When Mandarin Oriental announced that it was carrying out a strategic review for its The Excelsior hotel in Hong Kong, its share price promptly shot up from USD1.27 at the beginning of the year to USD2.81 at its peak in Sep. There was talk that the sale of The Excelsior would have added nearly USD3 to its share price. Mandarin owns a total of 17 hotels through subsidiaries, associates and joint ventures. Imagine how valuable the entire group would be if all its hotels could be valued at similar valuations.
I did not pursue Mandarin, since its share price had already shot up. However, when City Developments announced that it was privatising its hotel subsidiary, Millennium & Copthorne (M&C), I decided to take a closer look at the hotel groups listed on SGX. There could be something valuable about hotels that insiders know but the market does not know.
One of the hotel groups I looked at was Hotel Grand Central. It owns 14 hotels in Singapore, Malaysia, Australia, New Zealand and China. Grand Central revalues its properties every 3 years. The last revaluation was carried out in 2015. The current value of the freehold land on its books is $221.0M. It also disclosed that if it had used the historical cost model to record the book value of the land (i.e. no revaluation), the book value would only be $42.5M. The market value of the freehold land is actually 5.2 times the book value if there were no revaluations! Some hotels are sitting on very valuable land! It suggests that hotel groups that do not carry out regular revaluations might be worth a lot more than their book values and share prices suggest.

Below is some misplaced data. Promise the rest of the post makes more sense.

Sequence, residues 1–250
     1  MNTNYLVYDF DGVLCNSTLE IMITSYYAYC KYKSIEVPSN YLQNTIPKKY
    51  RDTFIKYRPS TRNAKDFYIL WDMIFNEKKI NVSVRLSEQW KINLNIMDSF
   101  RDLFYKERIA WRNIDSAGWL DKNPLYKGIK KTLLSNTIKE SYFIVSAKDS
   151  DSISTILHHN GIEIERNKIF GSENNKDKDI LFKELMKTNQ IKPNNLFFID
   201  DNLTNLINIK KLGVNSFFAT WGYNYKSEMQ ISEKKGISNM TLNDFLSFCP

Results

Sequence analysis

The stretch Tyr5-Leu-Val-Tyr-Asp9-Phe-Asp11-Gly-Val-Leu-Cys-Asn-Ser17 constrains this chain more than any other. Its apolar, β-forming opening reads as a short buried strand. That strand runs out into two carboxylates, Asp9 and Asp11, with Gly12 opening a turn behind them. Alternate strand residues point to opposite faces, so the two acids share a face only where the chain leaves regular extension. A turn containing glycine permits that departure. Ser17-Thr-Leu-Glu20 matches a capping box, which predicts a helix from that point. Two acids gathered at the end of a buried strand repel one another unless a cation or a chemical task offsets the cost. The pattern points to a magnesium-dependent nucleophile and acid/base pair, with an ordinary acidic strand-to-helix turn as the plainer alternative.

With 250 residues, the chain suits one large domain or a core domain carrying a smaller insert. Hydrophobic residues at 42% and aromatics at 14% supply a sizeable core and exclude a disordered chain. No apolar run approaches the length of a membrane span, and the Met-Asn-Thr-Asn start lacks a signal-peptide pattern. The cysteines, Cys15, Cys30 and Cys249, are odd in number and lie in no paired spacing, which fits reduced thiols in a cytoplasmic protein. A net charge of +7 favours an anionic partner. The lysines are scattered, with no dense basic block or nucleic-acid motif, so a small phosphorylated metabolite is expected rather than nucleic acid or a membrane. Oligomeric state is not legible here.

The next hotel group I studied was Stamford Land. It is a property developer focusing on the Australian and NZ markets and owns 7 hotels in Australia and NZ. Unlike Grand Central, Stamford Land does not revalue its properties. The hotels were mostly acquired between 1994 and 2000. The current book value of the hotels is $375.0M. The figure below from JLL shows how hotel sale prices in terms of price per room have risen in Asia and Australia since 2000. From 2000, the price per room in Australia has risen 3 fold from USD100,000 per room to USD300,000 per room.
|Fig. 1: Hotel Sale Price Per Room Since 2000|
Separately, I managed to search for hotel transactions in Australia which could serve as a reference for the market value of Stamford Land's hotels (see Tourism Australia website
). The valuations are shown below. Note that the valuations are just for reference as there could be many factors affecting the valuations of different hotels.
|Fig. 2: Valuation of Stamford Land's Hotels Based on Comparison Approach|
Based on the hotel transactions, the market value of Stamford Land's hotels could be worth about SGD611.9M. This is 63% above the book value of $375.0M. Adding the "revaluation surplus" back to Stamford Land's equity, the NAV would increase from $0.57 to $0.85.
However, before you get too excited, value stocks need a catalyst in order for the market to recognise their value. The reason why Stamford Land is undervalued is because it has not sold its hotels in the past 20 years. There is no reason to believe why it will sell them now or in the next 20 years and return the money to shareholders. For this reason, I did not buy a lot of it.
A potential catalyst worth tracking is that the CEO role has been handed over from the father to the son. In the Annual Report 2017, the new CEO mentioned about exploring the viability of setting up a REIT. This might unlock shareholder value. But do not bank on it in the immediate term.
In conclusion, hotels are boring business. But they could be very valuable!
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